I should also add that had I known when I watched that this was by the director of Bunty aur Babli, another of my very most favorites, I would have been seriously disappointed. First of all, Preity is no Rani, and neither Alvira nor Rikki is anywhere near as interesting, compelling, or lovable as Vimmi or Rakesh. As with Om Shanti Om, it's not that the subsequent effort was so bad but that the earlier one were so good. Oh goody, now I'm even less excited about Jodhaa Akbar.
As usual, I saw some other things I want to share but can't work into the flow of the rest of what I wanted to say, so here's the house special: a Beth Loves Bollywood List of Stuff Beth Noticed - now with commentary!
- "Late but still too soon, isn't it?" This wonderful line - as the Birmingham train arrives, drawing Alvira and Rikki out of their magical first meeting into the real world - so captured for me the feeling of not wanting time with someone to end. It can be so hard to say "I am not ready to leave," but we can feel it so strongly. Sigh.
- I adored how the passers by at Waterloo Station danced with Amitabh. They looked like they were having such fun. There's a great little moment when, in one of his "Oh Rabba!" lines, a guy in a suit joins in the hand gestures (you see him here on the right in the periwinkle tie)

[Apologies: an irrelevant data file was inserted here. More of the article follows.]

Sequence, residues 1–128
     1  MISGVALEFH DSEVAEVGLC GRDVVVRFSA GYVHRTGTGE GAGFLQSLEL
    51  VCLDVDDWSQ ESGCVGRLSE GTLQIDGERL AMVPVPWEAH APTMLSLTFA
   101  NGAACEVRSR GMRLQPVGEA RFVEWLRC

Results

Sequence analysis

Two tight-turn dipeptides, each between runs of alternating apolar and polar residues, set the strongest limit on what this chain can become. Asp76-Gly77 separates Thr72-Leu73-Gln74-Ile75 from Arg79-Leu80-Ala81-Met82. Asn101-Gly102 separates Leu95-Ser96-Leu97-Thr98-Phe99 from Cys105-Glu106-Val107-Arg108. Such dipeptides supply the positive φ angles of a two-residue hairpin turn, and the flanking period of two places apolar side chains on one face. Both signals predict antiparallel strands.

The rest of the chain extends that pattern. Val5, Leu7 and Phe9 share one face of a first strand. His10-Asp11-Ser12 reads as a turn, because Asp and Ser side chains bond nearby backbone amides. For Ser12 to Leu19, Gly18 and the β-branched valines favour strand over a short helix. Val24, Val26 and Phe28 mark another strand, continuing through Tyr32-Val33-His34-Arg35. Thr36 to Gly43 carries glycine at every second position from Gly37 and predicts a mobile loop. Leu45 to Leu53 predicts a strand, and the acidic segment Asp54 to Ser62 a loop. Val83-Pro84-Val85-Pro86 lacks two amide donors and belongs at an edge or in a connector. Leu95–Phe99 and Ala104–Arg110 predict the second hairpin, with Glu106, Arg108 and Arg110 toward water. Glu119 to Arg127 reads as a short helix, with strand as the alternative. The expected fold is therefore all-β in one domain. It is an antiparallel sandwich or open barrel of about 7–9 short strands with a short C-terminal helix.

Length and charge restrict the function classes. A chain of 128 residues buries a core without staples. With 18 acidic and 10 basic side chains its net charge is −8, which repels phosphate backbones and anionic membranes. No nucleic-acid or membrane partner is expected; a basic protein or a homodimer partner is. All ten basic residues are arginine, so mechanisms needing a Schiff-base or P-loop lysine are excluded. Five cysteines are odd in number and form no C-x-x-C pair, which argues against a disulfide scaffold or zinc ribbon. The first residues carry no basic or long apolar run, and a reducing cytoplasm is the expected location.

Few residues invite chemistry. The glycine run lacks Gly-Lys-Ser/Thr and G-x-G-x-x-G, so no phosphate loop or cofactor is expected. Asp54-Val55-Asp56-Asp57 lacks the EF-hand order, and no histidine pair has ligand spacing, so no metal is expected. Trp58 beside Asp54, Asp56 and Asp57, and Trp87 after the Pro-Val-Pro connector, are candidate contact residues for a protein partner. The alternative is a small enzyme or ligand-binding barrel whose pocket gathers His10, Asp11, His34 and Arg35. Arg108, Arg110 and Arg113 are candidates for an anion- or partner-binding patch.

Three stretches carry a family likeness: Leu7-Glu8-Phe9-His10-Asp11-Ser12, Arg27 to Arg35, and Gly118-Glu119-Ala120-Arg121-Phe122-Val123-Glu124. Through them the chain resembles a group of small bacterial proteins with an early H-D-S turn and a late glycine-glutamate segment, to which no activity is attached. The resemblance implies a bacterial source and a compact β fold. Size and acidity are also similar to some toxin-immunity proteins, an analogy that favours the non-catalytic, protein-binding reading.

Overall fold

and then Amitabh notices and looks surprised and annoyed that someone is stealing his dramatic thunder.
- There are nods to and awareness of movies throughout, I'm sure I didn't catch them all (particularly the music that plays in the background in Southall whenever Rikki and Huffy are plotting): the across-the-street neighbor looking at Preity through a telescope
echoes Jaan-e-Mann, Rikki does a "Kajra Re" dance move
while mugging for the camera in "Ticket to Hollywood," and Huffy sits outside a theater playing Don (you can see its poster behind his head) and another Indian film in a language I can't recognize.
- The heavy-handed Sholay reference is belabored. Why are they in a motorcycle with a sidecar? Why are they wearing bobby (not the Deol kind) helmets? Ditto Rikki saying "Our Bachchan" when listening off Indians in Madame Tussaud's. Har har. That would have worked better if our Bachchan hadn't been lumbering around in eyeliner with a two-necked guitar. But I digress.
- Stop the presses. A gay man in a Hindi film who is not a ridiculous flaming stereotype.
He's just a person! He happens to like men, but that's all there is to it. Finally. To be honest, I think this is one of the facets that really made the movie feel different from other meet cute/wacky scheme romances.
- And speaking of gay best friends, here's Ameet Chana from Bend It Like Beckham. Yay!
- "Bol Na Halke Halke"'s imagined sequence of Alvira and Rikki meeting and falling in love in India was adorable and beautiful and made me squeak "Cute! Cuuuuute!"
- A real museum!
Yeah yeah, they don't go in or anything, but still. And check out the backup dancers: I see a butcher in an apron (somewhere else in the song there's a guy with a cleaver) and a guy wearing a pink beret and scarf. Okay, what we avoid in gay stereotyping we make up for in French....
- Haters may disagree, but I lurve Abhishek's hair like this.
It's kinda stupid, but he rocks it.